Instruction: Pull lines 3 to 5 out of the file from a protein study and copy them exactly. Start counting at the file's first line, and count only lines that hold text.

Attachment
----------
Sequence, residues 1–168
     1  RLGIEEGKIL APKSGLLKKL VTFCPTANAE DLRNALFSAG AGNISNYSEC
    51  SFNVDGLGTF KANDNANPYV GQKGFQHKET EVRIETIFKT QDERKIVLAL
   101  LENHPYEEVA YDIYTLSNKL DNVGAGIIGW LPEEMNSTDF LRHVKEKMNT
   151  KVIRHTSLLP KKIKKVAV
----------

    51  SFNVDGLGTF KANDNANPYV GQKGFQHKET EVRIETIFKT QDERKIVLAL
   101  LENHPYEEVA YDIYTLSNKL DNVGAGIIGW LPEEMNSTDF LRHVKEKMNT
   151  KVIRHTSLLP KKIKKVAV